Costume dramas are uncommon in the U.S. market. There’s always a superb BBC drama (or two!), but for those of us in the states who love the genre, we must wait longer to enjoy their latest masterpiece. In one of my Internet browsing sessions, I ran across Miss Pettigrew Lives for a Day prior to its release, and needless to say I was curious. It isn’t a traditional costume film but is loads of fun and a “day” that will leave you smiling long after the closing credits.
Miss Pettigrew Lives for a Day (2008) Film Review
The day starts out badly for Miss Guinevere Pettigrew (Frances McDormand), and just gets worse. Her most recent job as a governess doesn’t work out and she is put onto the streets by her tipsy employer without a weeks pay, leaving her destitute. Her bad luck continues when she can’t seem to find a decent meal, loses her only possessions after a run in with a young man just released from prison and the employment office won’t reconsider her for another job. Desperate, she eavesdrops on a request for what she assumes is a position as a nanny. The address leads her to the home of aspiring actress and singer Delysia Lafosse (Amy Adams).
Delysia, it seems is in quite a predicament. Without knowing exactly who Miss Pettigrew is, she begs her help in getting out of a dilemma. Once the crisis passes, Delysia takes Guinevere, her new social secretary, on a shopping spree where life sweeps into a dizzying world of glamour and love triangles.
Before I saw this, I wasn’t sure what to expect from it. I did assume I’d like it at the very least, but didn’t realize how much I’d adore it. Now, several showings later, I consider it a favorite along the tradition of Importance of Being Earnest or Miramax’s Emma. There’s a kind of infectious energy the filmmakers and stars bring to the screen; and it’s a genuine delight to see unfold. I’m captivated by the film before ten minutes pass, and the meeting between Delysia and Guinevere is a laugh-a-minute. The costumes, cinematography and props are spectacular. With the era being right before World War II, the design crew creates looks that appear period authentic. Plus, Delysia’s evening gown was gorgeous.‘MISS PETTIGREW LIVES FOR A DAY’ (2010) #FWarchives #PeriodDrama Click To Tweet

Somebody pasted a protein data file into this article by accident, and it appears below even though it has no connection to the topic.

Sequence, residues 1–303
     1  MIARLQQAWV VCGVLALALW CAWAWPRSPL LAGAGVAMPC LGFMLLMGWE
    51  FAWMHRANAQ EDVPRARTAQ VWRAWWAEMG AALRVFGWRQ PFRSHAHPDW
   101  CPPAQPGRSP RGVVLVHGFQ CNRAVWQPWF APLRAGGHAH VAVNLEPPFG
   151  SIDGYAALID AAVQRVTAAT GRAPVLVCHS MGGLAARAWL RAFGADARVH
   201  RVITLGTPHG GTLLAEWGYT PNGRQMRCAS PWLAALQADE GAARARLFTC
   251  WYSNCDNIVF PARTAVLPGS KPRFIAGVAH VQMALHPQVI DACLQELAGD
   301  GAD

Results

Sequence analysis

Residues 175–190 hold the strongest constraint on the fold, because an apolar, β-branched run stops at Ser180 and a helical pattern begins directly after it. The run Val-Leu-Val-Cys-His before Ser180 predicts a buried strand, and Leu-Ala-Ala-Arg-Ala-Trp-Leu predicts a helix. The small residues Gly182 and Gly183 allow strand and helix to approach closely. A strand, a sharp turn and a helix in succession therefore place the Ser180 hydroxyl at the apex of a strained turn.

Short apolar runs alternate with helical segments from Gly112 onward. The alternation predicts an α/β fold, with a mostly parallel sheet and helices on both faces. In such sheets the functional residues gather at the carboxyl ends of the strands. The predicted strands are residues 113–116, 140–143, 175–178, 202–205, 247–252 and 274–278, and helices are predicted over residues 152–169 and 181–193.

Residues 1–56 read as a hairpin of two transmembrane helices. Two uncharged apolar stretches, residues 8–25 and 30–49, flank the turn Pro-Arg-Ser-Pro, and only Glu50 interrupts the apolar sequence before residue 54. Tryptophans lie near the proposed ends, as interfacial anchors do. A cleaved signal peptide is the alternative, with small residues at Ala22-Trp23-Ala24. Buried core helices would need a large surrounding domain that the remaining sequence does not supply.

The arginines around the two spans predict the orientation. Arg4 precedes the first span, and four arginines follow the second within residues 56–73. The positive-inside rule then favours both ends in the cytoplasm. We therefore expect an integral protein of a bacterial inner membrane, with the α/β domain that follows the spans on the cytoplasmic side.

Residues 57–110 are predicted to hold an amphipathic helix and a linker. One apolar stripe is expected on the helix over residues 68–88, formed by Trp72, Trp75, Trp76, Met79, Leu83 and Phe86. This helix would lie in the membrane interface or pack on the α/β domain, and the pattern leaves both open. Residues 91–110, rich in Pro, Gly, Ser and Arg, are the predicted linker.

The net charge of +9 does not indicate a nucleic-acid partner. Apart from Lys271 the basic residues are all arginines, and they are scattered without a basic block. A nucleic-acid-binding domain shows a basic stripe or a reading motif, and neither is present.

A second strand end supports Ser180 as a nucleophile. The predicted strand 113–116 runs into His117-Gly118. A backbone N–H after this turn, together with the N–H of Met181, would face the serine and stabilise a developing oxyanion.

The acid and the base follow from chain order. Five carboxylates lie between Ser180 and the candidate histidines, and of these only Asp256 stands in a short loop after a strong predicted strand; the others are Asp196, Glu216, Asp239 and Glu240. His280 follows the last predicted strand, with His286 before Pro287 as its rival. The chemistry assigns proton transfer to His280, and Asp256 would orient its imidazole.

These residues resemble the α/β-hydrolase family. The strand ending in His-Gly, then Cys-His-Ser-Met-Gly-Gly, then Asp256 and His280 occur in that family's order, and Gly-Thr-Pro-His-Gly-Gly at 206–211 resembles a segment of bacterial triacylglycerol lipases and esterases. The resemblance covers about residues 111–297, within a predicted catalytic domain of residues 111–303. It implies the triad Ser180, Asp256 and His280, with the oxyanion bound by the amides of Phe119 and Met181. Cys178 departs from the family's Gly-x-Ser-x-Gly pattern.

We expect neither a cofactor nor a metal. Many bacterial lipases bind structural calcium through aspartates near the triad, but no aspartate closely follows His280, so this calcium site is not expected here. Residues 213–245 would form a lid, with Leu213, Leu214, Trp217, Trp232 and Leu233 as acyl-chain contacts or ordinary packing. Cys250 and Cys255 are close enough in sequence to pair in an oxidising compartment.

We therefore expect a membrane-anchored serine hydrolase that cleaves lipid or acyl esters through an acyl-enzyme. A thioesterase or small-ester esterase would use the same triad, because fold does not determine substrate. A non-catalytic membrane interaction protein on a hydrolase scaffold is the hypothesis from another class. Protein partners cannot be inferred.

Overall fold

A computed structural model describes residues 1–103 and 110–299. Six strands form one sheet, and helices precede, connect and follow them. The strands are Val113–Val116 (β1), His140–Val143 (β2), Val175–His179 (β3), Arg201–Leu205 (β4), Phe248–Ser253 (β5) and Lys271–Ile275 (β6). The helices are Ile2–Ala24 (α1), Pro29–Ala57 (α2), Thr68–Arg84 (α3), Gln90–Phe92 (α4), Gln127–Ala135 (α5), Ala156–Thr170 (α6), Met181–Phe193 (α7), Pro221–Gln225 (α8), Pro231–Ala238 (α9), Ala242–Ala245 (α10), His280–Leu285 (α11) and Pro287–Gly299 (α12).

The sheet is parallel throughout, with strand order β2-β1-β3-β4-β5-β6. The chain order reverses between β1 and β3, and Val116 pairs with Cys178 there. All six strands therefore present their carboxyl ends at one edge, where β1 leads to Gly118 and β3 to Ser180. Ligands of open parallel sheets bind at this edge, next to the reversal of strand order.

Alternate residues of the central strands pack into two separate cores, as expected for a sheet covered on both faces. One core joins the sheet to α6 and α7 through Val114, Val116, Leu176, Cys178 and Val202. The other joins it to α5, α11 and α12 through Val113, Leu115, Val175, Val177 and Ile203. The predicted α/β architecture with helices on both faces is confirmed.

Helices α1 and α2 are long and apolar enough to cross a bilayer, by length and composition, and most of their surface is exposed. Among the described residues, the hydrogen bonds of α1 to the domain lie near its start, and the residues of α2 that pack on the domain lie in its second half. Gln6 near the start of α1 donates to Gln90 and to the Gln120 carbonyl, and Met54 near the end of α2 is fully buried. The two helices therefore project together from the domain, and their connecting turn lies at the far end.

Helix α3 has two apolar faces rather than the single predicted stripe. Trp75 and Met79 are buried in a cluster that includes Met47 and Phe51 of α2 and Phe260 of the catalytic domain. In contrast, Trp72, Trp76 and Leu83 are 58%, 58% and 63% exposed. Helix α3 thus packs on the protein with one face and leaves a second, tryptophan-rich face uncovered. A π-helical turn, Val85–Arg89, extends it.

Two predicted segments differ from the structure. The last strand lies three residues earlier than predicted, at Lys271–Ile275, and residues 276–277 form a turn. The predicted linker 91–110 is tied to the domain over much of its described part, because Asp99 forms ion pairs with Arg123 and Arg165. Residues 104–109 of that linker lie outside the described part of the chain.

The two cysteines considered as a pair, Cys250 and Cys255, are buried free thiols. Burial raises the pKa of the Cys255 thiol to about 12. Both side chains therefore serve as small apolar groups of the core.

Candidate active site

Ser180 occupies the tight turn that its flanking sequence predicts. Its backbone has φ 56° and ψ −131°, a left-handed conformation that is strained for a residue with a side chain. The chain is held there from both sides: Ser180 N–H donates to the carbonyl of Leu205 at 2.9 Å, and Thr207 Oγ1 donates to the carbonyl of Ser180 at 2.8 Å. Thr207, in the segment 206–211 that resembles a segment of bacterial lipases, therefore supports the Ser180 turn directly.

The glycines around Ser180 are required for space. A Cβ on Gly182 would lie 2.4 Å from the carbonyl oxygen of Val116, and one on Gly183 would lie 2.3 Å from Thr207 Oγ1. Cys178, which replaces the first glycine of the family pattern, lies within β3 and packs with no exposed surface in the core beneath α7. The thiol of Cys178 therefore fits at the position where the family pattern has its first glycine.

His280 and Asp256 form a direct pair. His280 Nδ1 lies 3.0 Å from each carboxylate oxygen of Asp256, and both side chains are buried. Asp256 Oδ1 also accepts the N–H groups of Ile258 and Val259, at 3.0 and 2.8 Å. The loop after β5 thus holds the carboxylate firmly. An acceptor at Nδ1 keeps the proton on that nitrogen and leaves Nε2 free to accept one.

This satire has all the elements that we love – comedy, drama and romance. The funny side comes greatly at Miss Adams expense, but she really brings a lot of sparkle to the role. The major dilemma in Delysia’s life is the three potential suitors; all of whom are very different, forcing her to choose between wealth, and love. (If you love a happy-ever-after, this up ties up in a pretty package.) Some dramatic effect comes in with an impending war that threatens citizens. (A unique approach to the script is the fact that Miss Pettigrew ironically “meets” several of the characters that are about to come into her life before knowing them.)
Apart from the superb performances, there are numerous other actors that deserve mention such as Ciaran Hinds (in the role of a rich business man) and all three of Delysia’s beau’s are debonair. (Although it’s a little odd to see the kind-hearted Mark Strong from A&E’s Emma as a callous night club owner!) Understand, Miss Pettigrew Lives for a Day is far from perfection, but it’s such a comic romp through the 1930’s that one can almost forget its faults. There is one subplot that’s a bit trite (a man in prison with little good reason). Nevertheless, I find I did love the film and the ending is so touching that for the most part we can forgive nearly anything. It’s a day in London you’ll want to revisit.
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Content: Delysia sleeps with a man in order to get a part. A full shot of backside male nudity plus two more instances of nudity are present. Mild profanity and other innuendos appear. Social drinking is typical. A woman is cheating on her fiancé. The film is PG13.